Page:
Gun Businesses Lash Out At Big Tech's Monopolistic Practices

It’s tough to have a gun business these days.

At least, it is on the internet.

Sure, walk-in stores are blowing up with business. Everyone and their brother is wanting a gun for a variety of reasons and stores and having a hard time keeping up.

However, if you’re someone whose firearm-related business revolves around the internet, you may have a problem. You see, most of the big tech giants are anti-gun, which creates problems.

After Karl Kasarda’s YouTube channel, InRange TV, was wiped without warning in early 2018, the firearm enthusiast said he had little option but to turn to posting clips and reviews on a platform of a different kind: PornHub.

He said navigating the social media landscape when it comes to the Second Amendment is only becoming more frustrating and confusing.

“The issue of oligarchical control over the Internet and all the impact over the ability to use it for free speech is going to only get worse,” Kasarda told Fox News, alluding to the “big five” — YouTube, Google, Facebook, Twitter and Instagram.

“It is unclear what the rules are,” he added. “Specifically, with YouTube, they pretty much enforce whatever they feel based on their bias of the day. Regardless of your personal belief, firearms and their accessories are legal in the United States. So why are we seeing continuing restrictions and challenges towards content about something demonstrably legal yet not against that which is clearly illegal?”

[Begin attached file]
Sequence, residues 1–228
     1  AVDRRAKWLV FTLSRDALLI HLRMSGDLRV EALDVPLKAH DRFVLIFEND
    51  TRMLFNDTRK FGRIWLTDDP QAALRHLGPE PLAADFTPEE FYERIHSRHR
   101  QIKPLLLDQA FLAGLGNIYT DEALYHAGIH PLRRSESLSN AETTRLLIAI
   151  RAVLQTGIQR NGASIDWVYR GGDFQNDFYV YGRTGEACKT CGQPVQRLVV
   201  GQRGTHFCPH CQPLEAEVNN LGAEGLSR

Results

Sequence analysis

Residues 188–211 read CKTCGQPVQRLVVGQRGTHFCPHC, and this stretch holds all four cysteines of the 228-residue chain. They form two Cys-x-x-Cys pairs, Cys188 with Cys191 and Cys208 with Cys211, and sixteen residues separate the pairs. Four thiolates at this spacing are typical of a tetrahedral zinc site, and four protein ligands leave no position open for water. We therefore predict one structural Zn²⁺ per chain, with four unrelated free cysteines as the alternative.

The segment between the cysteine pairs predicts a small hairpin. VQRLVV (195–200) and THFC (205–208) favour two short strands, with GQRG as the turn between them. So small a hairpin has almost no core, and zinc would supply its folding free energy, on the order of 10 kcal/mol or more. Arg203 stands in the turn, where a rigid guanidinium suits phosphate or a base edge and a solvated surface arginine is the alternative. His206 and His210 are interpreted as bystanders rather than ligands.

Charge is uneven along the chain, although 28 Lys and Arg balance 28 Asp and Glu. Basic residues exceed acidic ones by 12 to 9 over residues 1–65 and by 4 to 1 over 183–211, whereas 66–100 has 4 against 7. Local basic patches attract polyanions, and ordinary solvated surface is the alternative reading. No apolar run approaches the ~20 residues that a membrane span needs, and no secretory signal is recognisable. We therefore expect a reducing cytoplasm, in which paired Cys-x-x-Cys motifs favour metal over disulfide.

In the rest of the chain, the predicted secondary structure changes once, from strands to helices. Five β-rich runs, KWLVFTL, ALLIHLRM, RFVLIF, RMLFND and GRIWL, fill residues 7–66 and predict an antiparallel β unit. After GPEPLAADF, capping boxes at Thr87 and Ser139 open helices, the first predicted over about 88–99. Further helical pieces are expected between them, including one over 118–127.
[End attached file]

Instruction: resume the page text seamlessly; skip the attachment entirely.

However, we should note that the “big five” aren’t really five. Instagram is owned by Facebook while YouTube is owned by Google. So really, you’re looking at three companies that control a massive portion of how people interact online.

The problem is, though, that these are private entities and as such have the right to run their businesses however they want. If you’re against government regulation, it’s kind of hard to disagree.

That’s the hill these companies have been defending for quite some time. To be sure, they’re not wrong.

What they may want to consider, though, is that none of these entities really compete with each other. Each giant takes a different approach to the internet, providing very different services that can only be said to compete with one another under the loosest sense of the term.  Because of that, each could be said to be monopolistic, thus allowing them to unilaterally destroy people’s livelihoods.

You see, while they may be quite content to run their little fiefdoms however they see fit, they forget that monopolies aren’t exactly legal in this country. We break them up and have done so before. Is it that hard to imagine Google being forced to break up their many and varied services, including YouTube?

As things stood for some time, people allowed the monopolies because they didn’t really interfere with what most people were trying to do. However, that changed.

Now, it’s time these outfits be broken up and competition be allowed to rise.

Oh, sure, there are some places that seem to offer similar services, but they’re not really competition and everyone knows it.

Maybe now it’s time to change that.